Vegetarian Journal 2005 Issue 1

book reviews

Food Allergy Survival Guide

by Vesanto Melina, MS, RD, Jo Stepaniak, MSEd, Dina Aronson, MS, RD

Up until now, it was difficult to find a book that addressed the needs of vegetarians with food allergies. Certainly vegan cookbooks could be used for those with dairy and egg allergies, but what if you were also allergic to soy or wheat? Food Allergy Survival Guide provides extensive information and an excellent recipe collection for those with allergies or sensitivities to dairy products, eggs, gluten, nuts and peanuts, soy, yeast, fish and shellfish, and wheat.

The book begins with basic information on food sensitivities—what they are, what can trigger them, and how they are tested for. Subsequent chapters include practical cooking and shopping information, nutrition planning, and a discussion of coping emotionally with food sensitivities.

The last half of the book features more than 100 recipes for everything from gluten-free baked goods to soy-free entrées and spreads. All recipes are devoid of common allergens, such as dairy products, eggs, soy, peanuts, and gluten. I’m looking forward to baking for a friend’s daughter who can’t tolerate gluten. This is the first time I’ve seen so many tasty recipes that are both vegan and gluten-free. A detailed nutritional analysis follows each recipe. The book also includes an extensive resource list that will be helpful for tracking down less common ingredients, as well as for learning more about specific allergies.

If you or someone you care about has food allergies or sensitivities, this is the book to go to.

Food Allergy Survival Guide (ISBN 1-57067-163-X) is published by Healthy Living Publications. It can be ordered from VRG by sending $25 to PO Box 1463, Baltimore, MD 21203. Reviewed by Reed Mangels, PhD, RD.

Rainbow Green Live-food Cuisine

By Gabriel Cousens, MD

Dr. Cousens insists that raw eating is far from dull. Rainbow Green Live-Food Cuisine features more than 250 recipes that have been tested and perfected by chefs at the café located in his Tree of Life Rejuvenation Center in Patagonia, Arizona. Dr. Cousens is a holistic medical doctor and personally consumes live-food cuisine.

While reading through this book, I couldn’t help but think that one really needs to have time to prepare many of the dishes. That’s not necessarily a bad thing; however, as an extremely busy working mom, I personally would be a bit overwhelmed using this book. Nevertheless, the dishes all look quite interesting; if you have the time and are willing to invest in a food processor, a Champion juicer, and a dehydrator, you’ll be well on your way.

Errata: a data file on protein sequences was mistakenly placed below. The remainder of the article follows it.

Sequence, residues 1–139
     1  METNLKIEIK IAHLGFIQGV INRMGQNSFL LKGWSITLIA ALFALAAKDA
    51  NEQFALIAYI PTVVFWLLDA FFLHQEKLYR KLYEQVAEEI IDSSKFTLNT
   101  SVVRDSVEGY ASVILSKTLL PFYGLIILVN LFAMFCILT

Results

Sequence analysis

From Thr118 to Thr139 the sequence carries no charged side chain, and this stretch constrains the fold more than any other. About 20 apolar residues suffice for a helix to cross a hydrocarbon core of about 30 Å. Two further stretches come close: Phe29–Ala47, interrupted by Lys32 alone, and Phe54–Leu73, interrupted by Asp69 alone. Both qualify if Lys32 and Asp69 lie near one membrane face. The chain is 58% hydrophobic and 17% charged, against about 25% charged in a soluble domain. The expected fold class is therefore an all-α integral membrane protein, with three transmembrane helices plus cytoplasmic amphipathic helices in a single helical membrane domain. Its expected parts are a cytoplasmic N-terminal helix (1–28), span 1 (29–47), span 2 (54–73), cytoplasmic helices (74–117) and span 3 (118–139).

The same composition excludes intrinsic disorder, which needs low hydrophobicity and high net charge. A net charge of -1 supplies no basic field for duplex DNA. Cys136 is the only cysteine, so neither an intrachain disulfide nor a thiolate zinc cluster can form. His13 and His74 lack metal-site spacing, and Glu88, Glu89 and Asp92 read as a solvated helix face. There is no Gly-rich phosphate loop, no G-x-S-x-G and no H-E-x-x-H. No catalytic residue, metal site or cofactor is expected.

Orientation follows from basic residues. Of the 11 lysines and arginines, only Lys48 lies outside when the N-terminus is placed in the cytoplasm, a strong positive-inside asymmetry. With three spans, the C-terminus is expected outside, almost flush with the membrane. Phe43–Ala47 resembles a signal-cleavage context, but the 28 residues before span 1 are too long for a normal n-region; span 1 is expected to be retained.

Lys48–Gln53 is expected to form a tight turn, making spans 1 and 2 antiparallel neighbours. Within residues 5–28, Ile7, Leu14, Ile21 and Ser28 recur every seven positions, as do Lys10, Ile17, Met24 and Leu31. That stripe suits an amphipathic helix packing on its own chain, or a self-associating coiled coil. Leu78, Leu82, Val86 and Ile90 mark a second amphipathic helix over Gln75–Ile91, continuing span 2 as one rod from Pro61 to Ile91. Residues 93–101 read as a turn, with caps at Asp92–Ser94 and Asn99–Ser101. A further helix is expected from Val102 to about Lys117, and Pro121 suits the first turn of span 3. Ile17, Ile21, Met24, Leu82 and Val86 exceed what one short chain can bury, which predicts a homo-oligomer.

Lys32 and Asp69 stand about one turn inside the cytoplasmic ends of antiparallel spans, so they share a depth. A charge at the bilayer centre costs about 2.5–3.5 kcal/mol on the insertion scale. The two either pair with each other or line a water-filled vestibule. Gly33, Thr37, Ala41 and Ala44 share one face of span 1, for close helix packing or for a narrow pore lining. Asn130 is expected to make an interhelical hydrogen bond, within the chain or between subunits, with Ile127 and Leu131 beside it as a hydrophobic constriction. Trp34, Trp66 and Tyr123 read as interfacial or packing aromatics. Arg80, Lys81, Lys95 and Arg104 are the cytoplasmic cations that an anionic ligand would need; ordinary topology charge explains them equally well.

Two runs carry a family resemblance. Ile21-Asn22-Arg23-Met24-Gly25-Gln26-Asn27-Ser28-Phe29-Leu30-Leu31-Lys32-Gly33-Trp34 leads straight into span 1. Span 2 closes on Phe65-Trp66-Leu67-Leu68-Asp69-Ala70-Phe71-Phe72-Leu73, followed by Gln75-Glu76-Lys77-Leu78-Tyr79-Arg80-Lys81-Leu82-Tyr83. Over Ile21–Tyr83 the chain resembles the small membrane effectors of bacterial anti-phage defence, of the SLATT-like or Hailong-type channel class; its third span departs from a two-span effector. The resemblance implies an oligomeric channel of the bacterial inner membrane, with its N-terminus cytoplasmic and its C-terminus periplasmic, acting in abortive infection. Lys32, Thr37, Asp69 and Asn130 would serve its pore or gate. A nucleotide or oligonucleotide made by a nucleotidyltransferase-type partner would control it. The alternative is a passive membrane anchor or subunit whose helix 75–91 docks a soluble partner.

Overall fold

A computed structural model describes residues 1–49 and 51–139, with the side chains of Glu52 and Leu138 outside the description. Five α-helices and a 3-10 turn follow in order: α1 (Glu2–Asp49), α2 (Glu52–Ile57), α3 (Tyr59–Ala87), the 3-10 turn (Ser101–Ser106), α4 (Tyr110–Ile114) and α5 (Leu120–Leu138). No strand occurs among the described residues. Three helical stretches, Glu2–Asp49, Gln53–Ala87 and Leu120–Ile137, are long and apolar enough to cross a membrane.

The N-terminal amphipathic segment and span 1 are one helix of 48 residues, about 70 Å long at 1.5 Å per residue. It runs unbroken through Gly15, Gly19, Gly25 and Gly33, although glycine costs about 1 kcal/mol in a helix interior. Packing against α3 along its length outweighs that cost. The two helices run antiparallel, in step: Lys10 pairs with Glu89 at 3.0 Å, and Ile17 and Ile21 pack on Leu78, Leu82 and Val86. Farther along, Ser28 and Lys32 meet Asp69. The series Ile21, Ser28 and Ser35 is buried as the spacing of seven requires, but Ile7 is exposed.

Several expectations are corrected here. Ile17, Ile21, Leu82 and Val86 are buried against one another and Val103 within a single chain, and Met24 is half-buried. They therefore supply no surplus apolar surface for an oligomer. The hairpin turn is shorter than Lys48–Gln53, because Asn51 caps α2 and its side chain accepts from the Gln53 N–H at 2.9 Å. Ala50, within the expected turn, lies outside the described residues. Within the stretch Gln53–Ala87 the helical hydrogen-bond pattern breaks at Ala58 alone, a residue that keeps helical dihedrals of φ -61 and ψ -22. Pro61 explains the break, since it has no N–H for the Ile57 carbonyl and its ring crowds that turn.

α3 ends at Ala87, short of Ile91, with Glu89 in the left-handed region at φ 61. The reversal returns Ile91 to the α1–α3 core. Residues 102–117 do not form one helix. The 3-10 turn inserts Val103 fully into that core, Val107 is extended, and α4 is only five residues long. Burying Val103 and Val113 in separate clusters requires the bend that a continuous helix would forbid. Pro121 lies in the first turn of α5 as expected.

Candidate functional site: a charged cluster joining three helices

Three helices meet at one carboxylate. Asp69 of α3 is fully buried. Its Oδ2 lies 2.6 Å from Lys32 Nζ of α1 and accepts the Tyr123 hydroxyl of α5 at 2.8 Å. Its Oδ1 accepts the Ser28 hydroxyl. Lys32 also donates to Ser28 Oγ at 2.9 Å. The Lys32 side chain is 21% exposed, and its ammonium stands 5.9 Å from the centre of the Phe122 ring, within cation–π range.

One section that particularly caught my attention was the raw pâtés. The Black Olive Pâté is made with black olives, pine nuts, avocado, parsley, and tomatoes that are creamed in a food processor. The Intense Italian Pâté calls for hazelnuts, sun-dried tomatoes, bell pepper, parsley, and a few other ingredients also blended in a food processor.

This book offers a wide range of live-food dishes, including entrées, salads and dressing, soups, fermented foods, breads, desserts, and much more. Nutritional analyses are not provided.

Rainbow Green Live-Food Cuisine (ISBN 1-55643-465-0) is published by North Atlantic Books and retails for $30. Look for this 544-page book in bookstores. Reviewed by Debra Wasserman.

Venturesome Vegetarian Cooking

By J.M. Hirsch and Michelle Hirsch

Venturesome Vegetarian Cooking certainly lives up to its name. This new cookbook serves up a wide range of innovative dishes. All the recipes are vegan except for a handful containing honey, which can easily be substituted with rice syrup or maple syrup. Especially interesting items are the Pumpkin Bread, Roasted Tempeh Salad with Lemon-Vinegar Sauce, Italian Spinach, (eggless) Homemade Pasta, Vegetarian Haggis (a Scottish dish), Peppery Pumpkin Risotto, Carrot Cake, Chocolate Fudge Pie, and Spare-The-Pigs Hash. The book also includes beautiful photographs.

Venturesome Vegetarian Cooking (ISBN 1-57284-064-1) retails for $21.95 in bookstores. This 210-page book is published by Surrey Books. Reviewed by Debra Wasserman.

Excerpts from the 2005 Issue 1:
Hot, Hearty Soups for Cold Winter Days
Make a meal with a chowder, chili, or stew from Peggy Rynk.
2004 VRG Essay Contest Winners
Two young winners relate their experiences with vegetarianism.
Fast Food Update
Heather Gorn investigates vegetarian and vegan options at four quick service restaurant chains.
Nutrition Hotline
Does adding fish and fish oils to your diet contribute to heart health?
Note from the Coordinators
Veggie Bits
Notes from the VRG Scientific Department
Interviews that our dietitians granted, outreach, Congressional bill concerning soymilk in schools, and VRG testifies about the USDA food pyramid.
Vegan Cooking Tips
Fast Greens, by Chef Nancy Berkoff
Scientific Update
Book Reviews
Vegetarian Action
“Just Cook,” He Said
Skai Davis: An Enterprising Vegan Restauranteur, by Ben A. Shaberman

The Vegetarian Journal published here is not the complete issue, but these are excerpts from the published magazine. Anyone who wishes to see everything should subscribe to the magazine.

Thanks to volunteer Stephanie Schueler for converting this article to HTML.

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Last Updated
Feb. 14, 2005

The contents of this website and our other publications, including Vegetarian Journal, are not intended to provide personal medical advice. Medical advice should be obtained from a qualified health professional. We often depend on product and ingredient information from company statements. It is impossible to be 100% sure about a statement, info can change, people have different views, and mistakes can be made. Please use your own best judgment about whether a product is suitable for you. To be sure, do further research or confirmation on your own.

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